Me halping BNZ Operation Nest Egg Ranger, Iain Graham, check a rowi in the forest.
I am now working towards going to the DOC ranger school in Nelson, and I’m grateful that all the DOC staff are helping me with this. Everyone has been great to work with and to learn from. It’s a great experience to learn about the outdoors, see how we can all help conservation and discover what a rowi was!
Posted by Iain – BNZ Operation Nest Egg Ranger (Rowi)
Thursday, March 11th, 2010 at 5:29 pm
Over the past week Brent (from the our kea team at DOC Franz) Duncan and myself have been bringing back childhood memories, climbing trees in North and South Okarito forest.
Not just any trees, but huge female rimu in order to predict a possible mast fruiting year.
How to tell the sex of a rimu
Firstly we determine if a tree is a male or female. To do this we look through binoculars at the tips of the branches to identify any cones, fruit or turn-ups. Cones occur only on male trees and fruit and turn ups are on the female trees.
Once a female has been identified, we carefully attach ropes and send a climber up the tree to accurately count all the tips, fruit and turn ups on particular limbs.
Brent, ready to go tree-climbing.
For rimu to reproduce the males release pollen as the cones open. The pollen is carried on the wind and is received in the turn-ups of the female tree. When this occurs, the pollinated tips become a seed head and the flesh of the fruit is formed towards the end of the year.
Illustration of rimu tips.
Fruit = rats = stoats = bad news for rowi!
The data we receive can be used to predict the fruiting mast years which always result in a huge increase in rat numbers. As the fruit runs out, rats compete with kiwi for invertebrates and also eat smaller forest birds and their eggs.
The increase in rat numbers also means an increase in stoat numbers as rats are their main source of food. As rat-food runs out and stoats increase, the rat population plummets leaving thousands of hungry stoats that start looking for other food sources. This is when kiwi chicks and other forest birds are put under a huge amount of pressure.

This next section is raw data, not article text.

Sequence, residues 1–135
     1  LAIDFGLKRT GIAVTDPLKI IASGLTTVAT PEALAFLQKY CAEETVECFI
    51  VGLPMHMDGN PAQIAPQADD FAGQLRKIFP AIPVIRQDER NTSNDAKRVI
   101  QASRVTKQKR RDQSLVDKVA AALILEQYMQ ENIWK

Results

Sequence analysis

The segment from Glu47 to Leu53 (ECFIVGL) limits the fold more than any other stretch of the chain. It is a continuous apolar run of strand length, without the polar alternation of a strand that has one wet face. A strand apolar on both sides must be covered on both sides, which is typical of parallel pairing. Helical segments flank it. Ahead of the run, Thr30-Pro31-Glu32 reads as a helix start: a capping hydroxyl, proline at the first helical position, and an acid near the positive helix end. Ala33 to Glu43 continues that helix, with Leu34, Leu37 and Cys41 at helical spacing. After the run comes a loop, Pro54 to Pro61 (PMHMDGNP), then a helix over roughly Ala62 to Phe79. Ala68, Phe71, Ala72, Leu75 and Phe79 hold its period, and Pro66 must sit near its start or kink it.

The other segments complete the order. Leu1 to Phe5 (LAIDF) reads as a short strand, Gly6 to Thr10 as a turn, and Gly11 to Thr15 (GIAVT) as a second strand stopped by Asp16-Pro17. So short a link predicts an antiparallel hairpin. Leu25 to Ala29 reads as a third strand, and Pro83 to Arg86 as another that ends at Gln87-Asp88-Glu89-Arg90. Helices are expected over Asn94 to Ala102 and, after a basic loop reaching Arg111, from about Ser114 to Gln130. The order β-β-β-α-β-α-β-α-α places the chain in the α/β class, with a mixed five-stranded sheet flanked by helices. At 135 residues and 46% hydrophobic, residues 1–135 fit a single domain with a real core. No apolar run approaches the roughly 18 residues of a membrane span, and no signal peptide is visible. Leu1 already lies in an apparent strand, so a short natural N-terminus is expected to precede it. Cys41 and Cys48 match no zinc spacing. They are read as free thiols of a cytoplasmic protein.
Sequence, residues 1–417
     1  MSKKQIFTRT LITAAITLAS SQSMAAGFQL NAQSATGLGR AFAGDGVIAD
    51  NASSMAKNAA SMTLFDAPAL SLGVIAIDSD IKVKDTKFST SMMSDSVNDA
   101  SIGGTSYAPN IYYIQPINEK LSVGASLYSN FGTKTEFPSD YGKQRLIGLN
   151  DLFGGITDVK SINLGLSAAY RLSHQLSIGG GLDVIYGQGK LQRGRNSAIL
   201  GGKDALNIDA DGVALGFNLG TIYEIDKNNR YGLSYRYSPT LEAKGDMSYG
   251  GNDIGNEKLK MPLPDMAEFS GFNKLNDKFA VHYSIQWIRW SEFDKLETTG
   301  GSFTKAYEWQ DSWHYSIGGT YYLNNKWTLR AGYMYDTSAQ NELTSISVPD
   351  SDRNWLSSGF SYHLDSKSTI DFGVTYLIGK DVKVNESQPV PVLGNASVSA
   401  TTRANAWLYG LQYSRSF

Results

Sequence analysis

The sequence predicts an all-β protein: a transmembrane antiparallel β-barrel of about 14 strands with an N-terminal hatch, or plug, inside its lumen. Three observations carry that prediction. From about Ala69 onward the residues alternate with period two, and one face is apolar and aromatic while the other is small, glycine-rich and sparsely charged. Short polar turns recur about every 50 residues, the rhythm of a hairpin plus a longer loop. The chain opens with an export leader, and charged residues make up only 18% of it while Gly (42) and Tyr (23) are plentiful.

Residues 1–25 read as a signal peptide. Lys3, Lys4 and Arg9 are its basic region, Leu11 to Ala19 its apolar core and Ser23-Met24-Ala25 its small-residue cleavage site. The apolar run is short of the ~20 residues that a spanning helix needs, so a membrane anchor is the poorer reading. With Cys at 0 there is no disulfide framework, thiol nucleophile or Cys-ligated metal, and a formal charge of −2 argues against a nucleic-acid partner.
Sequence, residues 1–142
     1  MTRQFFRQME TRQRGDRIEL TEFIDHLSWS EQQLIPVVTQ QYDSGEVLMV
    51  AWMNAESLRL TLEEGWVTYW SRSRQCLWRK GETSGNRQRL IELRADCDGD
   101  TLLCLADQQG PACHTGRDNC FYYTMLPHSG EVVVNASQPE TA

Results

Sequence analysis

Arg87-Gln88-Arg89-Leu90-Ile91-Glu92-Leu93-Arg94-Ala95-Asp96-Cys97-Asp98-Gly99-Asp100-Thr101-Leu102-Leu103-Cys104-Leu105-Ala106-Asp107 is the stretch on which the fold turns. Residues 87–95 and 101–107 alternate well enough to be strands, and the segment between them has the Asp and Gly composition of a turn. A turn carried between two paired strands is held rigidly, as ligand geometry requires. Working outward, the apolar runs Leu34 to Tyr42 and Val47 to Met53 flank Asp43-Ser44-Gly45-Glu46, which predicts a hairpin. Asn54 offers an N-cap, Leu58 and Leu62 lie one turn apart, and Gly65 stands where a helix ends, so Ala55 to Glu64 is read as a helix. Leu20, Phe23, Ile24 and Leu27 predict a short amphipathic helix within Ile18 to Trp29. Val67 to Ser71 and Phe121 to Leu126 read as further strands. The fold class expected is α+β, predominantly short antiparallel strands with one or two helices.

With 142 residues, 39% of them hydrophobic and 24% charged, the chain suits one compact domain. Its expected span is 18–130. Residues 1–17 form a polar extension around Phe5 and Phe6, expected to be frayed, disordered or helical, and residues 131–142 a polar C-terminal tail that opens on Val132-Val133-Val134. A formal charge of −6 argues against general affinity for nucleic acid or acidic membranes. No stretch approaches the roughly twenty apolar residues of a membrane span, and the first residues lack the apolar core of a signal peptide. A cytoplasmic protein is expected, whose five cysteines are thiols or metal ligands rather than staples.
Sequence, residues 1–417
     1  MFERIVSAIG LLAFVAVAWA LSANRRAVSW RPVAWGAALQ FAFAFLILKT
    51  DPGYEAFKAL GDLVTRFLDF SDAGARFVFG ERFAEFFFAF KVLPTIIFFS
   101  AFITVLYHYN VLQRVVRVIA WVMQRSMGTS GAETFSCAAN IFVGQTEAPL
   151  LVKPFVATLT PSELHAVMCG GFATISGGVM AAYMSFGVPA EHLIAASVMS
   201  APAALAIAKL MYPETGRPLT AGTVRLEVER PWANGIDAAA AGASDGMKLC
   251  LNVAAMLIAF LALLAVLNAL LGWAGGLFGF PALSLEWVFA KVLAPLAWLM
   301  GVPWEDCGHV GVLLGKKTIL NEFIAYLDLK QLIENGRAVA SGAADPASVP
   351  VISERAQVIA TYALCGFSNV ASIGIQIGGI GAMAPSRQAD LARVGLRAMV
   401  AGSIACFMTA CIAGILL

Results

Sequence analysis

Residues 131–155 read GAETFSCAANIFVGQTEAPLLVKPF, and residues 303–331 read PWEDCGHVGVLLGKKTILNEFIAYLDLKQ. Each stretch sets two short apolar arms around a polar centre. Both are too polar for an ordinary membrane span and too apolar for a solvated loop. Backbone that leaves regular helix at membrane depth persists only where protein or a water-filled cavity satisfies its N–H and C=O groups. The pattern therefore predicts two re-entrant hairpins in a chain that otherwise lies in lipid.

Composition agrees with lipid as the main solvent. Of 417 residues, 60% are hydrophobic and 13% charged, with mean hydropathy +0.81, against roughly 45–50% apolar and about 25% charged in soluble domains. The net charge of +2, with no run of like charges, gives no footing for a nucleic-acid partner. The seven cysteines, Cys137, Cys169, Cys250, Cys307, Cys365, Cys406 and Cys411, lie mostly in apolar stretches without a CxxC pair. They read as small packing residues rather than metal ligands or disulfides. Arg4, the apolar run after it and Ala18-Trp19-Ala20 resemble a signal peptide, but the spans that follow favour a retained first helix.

Stopping the rat and stoat explosion in its tracks
This is by no means an exact science; there are many variables, such as extreme weather, that also must be taken into account.
Still, when we combine this with our other monitoring methods, we can improve our chances of correctly predicting predator populations and therefore intervening with predator control to stop the rat and stoat explosion in its tracks.
Posted by lizzy
Friday, March 5th, 2010 at 1:46 pm
I’m pleased to say that the reward pledged by the Okarito and Franz Josef communities has now reached an outstanding 8600 dollars. This money has been put up to catch those responsible for last month’s spate of deliberately lit fires in Okarito Kiwi Zone. It has almost entirely been pledged by local individuals and small businesses with support from DOC and Save the Kiwi.
When I spoke to Okarito resident Richard Saunders who runs Okarito Nature Tours, he was shocked by the totally irresponsible behaviour of those who lit the fires. He told me “Whether we get the culprits or not, we feel that this commitment from the local community shows our outrage and disgust that anyone would deliberately set fire, not only to a National Park, but to an area containing our rarest kiwi species !”
Thank goodness no birds were harmed in the fires. With such a small population of rowi, the loss of even one bird would be devastating.
The reward not only highlights the value locals place on this incredible part of New Zealand, it shows the generosity of its inhabitants, many of whom have suffered significantly from these fires. Okarito is an outstanding area for biodiversity and, as such, provides a vital contribution to the local economy.
The reward will be payable for any information that will lead to the conviction of the offender. Information can be passed to the Franz Josef Police on 03 756 1070.
Alternatively, information can be passed anonymously on 0800 CRIMESTOPPERS (0800 555 111).
Firefighters tackle blaze. Photo: Tony Preston.
DOC firefighter at the Okarito fires. Photo: Tony Preston.